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Wednesday, 25 September 2002
Page: 4866


Senator BOLKUS (3:25 PM) —I do not know what Senator Lightfoot is on, but it obviously gives him a very positive and cheery view of the world. Maybe he should pass it around. Unfortunately for this debate, he is wrong. My understanding is that Dr Hawke was not happy to have been removed from the position and would have liked to have stayed on. That is something that the government has to contend with.

A number of important issues arise out of the removal of Dr Hawke. It is an ill-timed and unfair decision. In terms of timing, this is a government that is, one way or another, preparing for war. What does it do? It removes the Secretary of Defence from a very important position—a position requiring continuity. The decision was appalling, dangerous and ill-timed. No matter how good Ric Smith may be, it takes months, if not years, for an incoming secretary to get on top of the portfolio. Ric Smith has to embark upon a very quick, steep learning curve. He has not run a department before. The challenges of the Defence department, at a time when war is being prepared for, are going to be virtually insurmountable.

It is not good policy to change the head of the Defence department when we are in the situation that we are in now. It is appalling management. Not only is this government preparing for a war situation, but the department is also in the middle of a reform agenda—one that was steaming along, if one was to believe the information from the government and the bureaucracy. Instability is being instilled by this decision, and it is a decision that is, in many ways, probably reckless to the national interest. What this government and this country needs at the moment is stability at the top during the preparation over the next few months for the tussle with Iraq. As we embark upon this mission, it is becoming more and more apparent that this government's planning is not adequate. It is inadequate and has been exposed as such in Australia. There needs to be planning. We can see from the US perspective that they have been spending months at it. What about here? The fact that there is no cohesive statement of this government's position is evidence that the planning has not been adequate. There are many signs of this government being all over the place. The public does not have confidence in the government's preparation for the Iraq challenge, and this decision will increase community fears as to how stable and prepared this government is.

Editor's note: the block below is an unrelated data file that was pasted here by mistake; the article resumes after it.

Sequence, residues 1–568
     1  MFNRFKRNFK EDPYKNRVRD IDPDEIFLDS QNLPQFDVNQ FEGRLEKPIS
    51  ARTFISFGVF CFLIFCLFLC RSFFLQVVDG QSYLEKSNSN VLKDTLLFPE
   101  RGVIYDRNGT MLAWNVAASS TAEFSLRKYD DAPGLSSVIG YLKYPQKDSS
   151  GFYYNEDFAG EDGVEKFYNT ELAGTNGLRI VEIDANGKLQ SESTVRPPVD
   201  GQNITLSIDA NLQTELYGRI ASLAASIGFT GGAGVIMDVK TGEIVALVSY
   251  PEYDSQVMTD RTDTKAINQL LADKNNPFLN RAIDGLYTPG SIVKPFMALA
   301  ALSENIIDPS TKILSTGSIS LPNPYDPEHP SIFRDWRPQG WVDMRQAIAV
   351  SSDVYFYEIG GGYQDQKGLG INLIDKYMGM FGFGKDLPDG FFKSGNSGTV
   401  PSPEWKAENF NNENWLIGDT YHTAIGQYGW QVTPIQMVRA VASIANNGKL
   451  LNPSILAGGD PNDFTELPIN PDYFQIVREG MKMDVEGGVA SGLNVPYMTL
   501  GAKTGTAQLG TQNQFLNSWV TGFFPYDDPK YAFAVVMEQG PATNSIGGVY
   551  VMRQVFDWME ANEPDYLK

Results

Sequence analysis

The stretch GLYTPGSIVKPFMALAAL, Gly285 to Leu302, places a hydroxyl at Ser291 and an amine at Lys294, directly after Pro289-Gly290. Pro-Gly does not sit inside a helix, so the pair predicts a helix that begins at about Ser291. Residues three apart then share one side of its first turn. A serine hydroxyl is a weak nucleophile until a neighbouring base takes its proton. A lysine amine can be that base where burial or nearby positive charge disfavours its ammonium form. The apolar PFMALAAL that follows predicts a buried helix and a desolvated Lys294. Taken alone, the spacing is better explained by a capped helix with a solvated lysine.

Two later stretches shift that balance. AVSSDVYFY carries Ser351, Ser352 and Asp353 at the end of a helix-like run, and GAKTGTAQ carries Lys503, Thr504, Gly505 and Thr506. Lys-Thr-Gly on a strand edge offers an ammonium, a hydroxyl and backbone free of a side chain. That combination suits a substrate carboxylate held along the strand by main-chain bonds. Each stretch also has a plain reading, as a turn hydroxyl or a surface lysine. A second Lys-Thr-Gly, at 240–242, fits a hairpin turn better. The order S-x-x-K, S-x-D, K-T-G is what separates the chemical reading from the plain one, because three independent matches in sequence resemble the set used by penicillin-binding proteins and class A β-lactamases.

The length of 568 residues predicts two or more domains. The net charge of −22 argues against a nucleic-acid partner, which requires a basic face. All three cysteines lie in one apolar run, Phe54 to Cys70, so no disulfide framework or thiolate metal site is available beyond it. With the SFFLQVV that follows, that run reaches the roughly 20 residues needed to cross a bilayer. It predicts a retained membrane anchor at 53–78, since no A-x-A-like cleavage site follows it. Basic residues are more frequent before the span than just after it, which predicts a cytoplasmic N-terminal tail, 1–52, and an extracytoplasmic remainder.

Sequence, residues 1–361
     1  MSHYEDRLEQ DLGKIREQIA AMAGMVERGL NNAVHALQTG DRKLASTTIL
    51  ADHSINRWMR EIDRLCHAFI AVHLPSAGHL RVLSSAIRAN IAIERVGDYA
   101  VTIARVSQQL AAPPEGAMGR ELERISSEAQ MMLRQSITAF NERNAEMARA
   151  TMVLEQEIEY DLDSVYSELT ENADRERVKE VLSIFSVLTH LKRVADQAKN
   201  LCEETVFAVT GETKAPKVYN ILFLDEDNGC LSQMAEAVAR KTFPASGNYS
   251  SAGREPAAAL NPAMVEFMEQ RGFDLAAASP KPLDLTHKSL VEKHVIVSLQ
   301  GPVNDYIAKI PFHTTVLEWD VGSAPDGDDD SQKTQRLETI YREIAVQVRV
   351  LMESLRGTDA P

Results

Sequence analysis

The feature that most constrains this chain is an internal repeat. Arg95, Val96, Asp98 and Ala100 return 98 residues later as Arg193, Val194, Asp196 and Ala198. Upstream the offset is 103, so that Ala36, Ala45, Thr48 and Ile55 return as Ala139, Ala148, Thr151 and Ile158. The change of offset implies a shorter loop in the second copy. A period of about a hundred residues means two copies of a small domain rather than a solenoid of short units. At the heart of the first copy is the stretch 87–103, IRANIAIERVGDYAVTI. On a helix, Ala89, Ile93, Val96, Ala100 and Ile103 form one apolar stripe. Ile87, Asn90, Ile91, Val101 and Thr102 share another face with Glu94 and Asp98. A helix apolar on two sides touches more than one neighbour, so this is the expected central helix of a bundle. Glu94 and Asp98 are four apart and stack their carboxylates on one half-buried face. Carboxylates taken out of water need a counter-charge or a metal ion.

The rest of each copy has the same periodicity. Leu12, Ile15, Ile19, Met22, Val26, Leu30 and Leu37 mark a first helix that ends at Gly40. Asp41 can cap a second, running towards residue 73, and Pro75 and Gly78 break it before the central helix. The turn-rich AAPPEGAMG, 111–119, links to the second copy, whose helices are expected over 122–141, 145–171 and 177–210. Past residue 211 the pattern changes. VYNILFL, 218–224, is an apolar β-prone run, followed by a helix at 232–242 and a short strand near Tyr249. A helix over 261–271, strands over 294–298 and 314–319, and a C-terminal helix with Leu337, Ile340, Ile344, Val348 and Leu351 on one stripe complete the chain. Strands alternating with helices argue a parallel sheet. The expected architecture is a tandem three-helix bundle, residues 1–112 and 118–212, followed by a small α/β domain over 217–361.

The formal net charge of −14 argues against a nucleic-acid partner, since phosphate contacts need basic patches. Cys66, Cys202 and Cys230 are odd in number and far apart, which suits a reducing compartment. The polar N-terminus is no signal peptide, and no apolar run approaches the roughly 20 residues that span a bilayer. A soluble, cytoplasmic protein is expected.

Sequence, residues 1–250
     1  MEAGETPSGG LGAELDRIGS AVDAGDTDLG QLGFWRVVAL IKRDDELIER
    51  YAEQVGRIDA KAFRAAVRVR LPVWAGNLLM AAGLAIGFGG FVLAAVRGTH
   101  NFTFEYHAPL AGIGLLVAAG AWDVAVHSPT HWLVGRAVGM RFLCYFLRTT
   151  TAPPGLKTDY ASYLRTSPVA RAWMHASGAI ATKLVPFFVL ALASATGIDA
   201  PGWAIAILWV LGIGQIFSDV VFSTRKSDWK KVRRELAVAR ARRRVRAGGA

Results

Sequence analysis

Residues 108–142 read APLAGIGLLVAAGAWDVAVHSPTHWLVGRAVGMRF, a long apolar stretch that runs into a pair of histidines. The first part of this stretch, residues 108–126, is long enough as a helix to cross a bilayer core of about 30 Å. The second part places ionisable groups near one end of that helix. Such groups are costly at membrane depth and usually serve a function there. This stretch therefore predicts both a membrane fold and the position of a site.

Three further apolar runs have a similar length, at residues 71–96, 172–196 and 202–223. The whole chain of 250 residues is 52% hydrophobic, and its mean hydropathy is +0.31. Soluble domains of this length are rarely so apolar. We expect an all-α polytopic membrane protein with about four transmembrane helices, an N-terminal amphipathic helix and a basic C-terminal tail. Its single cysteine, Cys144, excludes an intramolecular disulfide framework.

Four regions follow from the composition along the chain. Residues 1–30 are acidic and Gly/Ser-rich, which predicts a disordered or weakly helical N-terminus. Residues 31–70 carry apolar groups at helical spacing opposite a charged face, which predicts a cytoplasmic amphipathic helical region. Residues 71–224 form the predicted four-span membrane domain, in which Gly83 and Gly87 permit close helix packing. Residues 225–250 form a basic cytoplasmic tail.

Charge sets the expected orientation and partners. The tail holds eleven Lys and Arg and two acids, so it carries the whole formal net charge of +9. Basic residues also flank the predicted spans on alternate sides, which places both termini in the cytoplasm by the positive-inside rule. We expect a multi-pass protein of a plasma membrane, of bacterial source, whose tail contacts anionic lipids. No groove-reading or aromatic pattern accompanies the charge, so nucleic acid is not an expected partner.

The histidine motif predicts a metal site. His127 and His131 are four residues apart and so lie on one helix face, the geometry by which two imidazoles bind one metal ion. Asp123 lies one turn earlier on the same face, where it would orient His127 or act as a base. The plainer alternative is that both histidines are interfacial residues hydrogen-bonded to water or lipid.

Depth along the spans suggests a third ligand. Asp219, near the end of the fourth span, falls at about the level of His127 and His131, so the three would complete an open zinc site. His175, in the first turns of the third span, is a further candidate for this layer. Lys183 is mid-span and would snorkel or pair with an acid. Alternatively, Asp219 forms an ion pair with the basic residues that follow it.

Internationally, the public is not prepared to go all the way with G.W. At home, there is no confidence in the meanderings of Foreign Minister Downer and there is concern at the fact that the Prime Minister has been absent from the public debate, particularly in parliament. They are all signs of the government being all over the shop, and this decision of removing the head of the department is one that will further undermine public confidence. Why make Dr Hawke a scapegoat? What for? It is being claimed by the government that finances are out of control, but no-one fixes a department like Defence, particularly in a short period of three years. There has been recognition of the good work that Allan Hawke has done and was continuing to do. His administration should have been given a real chance to fix some of those problems. If they were concerned about finances being out of control, they should have remembered that finances are not just the responsibility of one department. For a start, they are the responsibility of the ministers and cabinet. They are also the responsibility of departments like Finance and Treasury, which have a critical role in the preparation of budgets. I do not think that you can make Allan Hawke the scapegoat for this without you, Minister, and this government taking the blame for it.

Let us look at the record of instability— four secretaries in six years and four ministers in six years. That is not a recipe for stable administration. As Senator Evans said just a little earlier, only three out of 15 top administrators have been there for more than one year. The reality here is that this department has been used for political purposes by this government—the kids overboard affair and some of the problems they are facing in Senate estimates committees. It is also on the public record that this department, the Department of Defence, has been driven to distraction by the continual interference of this minister, a practice that he showed continually in his previous portfolio of Environment and Heritage. Basically, this minister has taken a dummy spit and sacked a secretary who should have stayed in the job in terms of both his competence and the national security requirements of this country at this particular sensitive time in our history.

Question agreed to.